BY DIMA WILLIAMS
“It has become the It city,” says Kiberly Casey, associate broker and one half of the Kimberly Team.
Home prices reflect that desirability. The median home value is nearly $700,000, having jumped by 2.2 percent over the past year. Real estate listing platform Zillow estimates it will shoot up another 2.4 percent over the next 12 months, shaping a median list price per square foot twice as high as that for the Washington-Arlington-Alexandria metro.
Average rent in Arlington clocks a little over $2,000, which almost mirrors the rate in D.C., according to RENTCafe. Most of the new construction here is in the rental realm, said Battle, adding that it is “going to go crazy.” Investors will begin buying on the news that Amazon is moving in, ushering the first vestiges of price uptick, he said.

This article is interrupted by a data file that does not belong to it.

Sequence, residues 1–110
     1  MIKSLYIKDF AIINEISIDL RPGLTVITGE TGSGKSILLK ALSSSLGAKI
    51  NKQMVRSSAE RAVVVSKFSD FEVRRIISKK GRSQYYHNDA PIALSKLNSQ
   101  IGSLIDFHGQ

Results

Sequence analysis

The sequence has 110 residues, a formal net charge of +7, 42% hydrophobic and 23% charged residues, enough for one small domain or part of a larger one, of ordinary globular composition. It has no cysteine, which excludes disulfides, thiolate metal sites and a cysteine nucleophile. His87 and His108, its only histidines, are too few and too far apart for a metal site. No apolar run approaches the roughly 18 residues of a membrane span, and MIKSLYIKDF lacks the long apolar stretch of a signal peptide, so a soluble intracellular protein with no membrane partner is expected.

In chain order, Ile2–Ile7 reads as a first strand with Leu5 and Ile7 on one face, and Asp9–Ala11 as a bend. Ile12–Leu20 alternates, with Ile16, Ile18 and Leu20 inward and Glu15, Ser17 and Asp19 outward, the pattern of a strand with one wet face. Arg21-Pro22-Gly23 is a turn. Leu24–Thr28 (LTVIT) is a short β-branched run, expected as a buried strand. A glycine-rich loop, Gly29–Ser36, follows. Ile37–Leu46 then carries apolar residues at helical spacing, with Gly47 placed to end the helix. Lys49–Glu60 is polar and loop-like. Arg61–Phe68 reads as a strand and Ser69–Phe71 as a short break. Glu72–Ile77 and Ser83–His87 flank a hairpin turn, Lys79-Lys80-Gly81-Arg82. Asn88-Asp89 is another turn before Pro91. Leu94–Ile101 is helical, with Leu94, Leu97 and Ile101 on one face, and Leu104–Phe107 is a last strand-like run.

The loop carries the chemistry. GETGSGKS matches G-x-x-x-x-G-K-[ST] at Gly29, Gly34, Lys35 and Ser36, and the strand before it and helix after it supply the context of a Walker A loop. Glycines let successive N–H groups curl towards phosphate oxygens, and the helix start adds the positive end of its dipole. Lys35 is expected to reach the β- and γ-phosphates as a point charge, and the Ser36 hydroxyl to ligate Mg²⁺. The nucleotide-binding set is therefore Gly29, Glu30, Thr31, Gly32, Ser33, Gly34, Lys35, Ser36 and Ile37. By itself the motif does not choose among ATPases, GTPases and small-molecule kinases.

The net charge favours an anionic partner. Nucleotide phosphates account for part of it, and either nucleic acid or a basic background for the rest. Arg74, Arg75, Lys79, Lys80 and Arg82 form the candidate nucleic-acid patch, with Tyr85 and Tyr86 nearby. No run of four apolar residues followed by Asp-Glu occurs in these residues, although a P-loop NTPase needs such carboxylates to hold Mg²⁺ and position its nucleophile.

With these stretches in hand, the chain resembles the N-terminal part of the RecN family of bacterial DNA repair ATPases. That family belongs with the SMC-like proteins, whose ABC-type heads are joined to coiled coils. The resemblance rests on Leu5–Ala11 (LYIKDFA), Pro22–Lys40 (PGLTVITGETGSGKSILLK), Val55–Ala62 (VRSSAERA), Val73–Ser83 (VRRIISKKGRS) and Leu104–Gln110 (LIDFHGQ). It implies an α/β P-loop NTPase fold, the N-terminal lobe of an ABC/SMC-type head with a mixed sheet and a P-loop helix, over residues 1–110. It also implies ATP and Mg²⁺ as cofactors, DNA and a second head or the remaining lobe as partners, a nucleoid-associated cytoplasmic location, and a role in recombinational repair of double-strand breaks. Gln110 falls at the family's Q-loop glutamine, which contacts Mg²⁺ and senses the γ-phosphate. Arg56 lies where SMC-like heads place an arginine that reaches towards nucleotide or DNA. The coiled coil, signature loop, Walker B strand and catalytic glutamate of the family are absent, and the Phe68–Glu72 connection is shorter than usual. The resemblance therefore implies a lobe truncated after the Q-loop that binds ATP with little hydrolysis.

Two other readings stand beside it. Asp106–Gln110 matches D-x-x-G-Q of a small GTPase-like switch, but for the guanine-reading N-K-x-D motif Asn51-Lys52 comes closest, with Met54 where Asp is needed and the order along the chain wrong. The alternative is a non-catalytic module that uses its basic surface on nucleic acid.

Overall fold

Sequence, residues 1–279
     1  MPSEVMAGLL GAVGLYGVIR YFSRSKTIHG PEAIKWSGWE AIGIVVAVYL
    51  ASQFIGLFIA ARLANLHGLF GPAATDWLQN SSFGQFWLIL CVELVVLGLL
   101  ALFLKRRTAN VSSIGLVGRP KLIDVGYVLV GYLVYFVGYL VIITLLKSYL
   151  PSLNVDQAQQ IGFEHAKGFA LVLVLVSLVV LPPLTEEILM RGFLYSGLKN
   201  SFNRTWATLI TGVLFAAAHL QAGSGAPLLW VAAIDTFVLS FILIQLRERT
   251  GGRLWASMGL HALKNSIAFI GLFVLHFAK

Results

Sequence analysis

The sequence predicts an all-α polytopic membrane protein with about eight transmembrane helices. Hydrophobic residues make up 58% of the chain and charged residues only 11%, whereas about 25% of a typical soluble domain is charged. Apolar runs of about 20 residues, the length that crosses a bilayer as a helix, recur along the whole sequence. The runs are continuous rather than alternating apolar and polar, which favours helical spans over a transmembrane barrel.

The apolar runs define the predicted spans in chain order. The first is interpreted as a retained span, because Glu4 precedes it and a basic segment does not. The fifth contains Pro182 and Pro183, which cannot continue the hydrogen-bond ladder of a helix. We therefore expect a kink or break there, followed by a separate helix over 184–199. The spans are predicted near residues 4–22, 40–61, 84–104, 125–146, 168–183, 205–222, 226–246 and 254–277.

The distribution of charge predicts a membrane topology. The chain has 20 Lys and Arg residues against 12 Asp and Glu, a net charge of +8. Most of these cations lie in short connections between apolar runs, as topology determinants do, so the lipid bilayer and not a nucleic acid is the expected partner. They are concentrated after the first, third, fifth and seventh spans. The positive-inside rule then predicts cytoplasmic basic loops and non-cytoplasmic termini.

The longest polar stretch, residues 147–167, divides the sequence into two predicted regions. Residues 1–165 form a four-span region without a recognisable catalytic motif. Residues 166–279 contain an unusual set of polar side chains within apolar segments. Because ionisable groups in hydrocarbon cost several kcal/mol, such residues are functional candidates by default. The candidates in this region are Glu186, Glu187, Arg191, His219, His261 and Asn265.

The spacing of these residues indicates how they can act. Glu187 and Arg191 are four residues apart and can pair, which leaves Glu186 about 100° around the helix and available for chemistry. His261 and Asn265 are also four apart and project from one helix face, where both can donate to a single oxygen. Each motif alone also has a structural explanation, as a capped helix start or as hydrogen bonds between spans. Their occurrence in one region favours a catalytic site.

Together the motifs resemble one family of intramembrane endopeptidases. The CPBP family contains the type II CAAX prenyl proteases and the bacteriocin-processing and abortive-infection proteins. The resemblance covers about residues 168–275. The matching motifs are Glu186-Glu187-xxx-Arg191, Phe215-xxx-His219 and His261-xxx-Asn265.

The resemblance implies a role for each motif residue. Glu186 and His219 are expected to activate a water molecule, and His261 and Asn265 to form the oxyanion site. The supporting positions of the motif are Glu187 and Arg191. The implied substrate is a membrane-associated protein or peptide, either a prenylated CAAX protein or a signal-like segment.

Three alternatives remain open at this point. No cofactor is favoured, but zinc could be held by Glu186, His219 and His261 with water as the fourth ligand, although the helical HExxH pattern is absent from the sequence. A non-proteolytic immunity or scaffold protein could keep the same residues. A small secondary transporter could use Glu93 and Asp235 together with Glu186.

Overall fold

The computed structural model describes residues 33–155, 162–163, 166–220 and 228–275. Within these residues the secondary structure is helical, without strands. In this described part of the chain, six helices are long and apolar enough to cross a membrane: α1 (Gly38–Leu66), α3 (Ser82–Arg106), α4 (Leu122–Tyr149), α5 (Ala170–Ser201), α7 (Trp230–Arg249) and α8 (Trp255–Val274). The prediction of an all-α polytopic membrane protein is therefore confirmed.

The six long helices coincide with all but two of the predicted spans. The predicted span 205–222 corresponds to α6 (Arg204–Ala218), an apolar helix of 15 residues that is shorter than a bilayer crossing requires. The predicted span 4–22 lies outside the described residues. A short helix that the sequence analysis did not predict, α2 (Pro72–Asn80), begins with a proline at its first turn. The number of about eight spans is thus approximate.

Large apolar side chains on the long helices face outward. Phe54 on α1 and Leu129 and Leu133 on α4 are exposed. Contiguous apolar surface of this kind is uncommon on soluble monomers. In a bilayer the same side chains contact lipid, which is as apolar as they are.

As more and more residents are set to flood the market over the foreseeable future, worries are starting to surface in both Arlington and Long Island City. Traffic is a major one—its magnitude could even overweigh any real estate advancements, Denham said. In Arlington, water taxis may absorb some of the brunt, Judy said. In Queens, DeCurtis said that congestion—on the streets, in schools, in parking lots and in various amenities—might prompt politicians to enact infrastructural updates.
And yet, the pains of growth, realtors in both locales agree, might well be worth the exalted profile that comes with housing one of the world’s most prolific companies.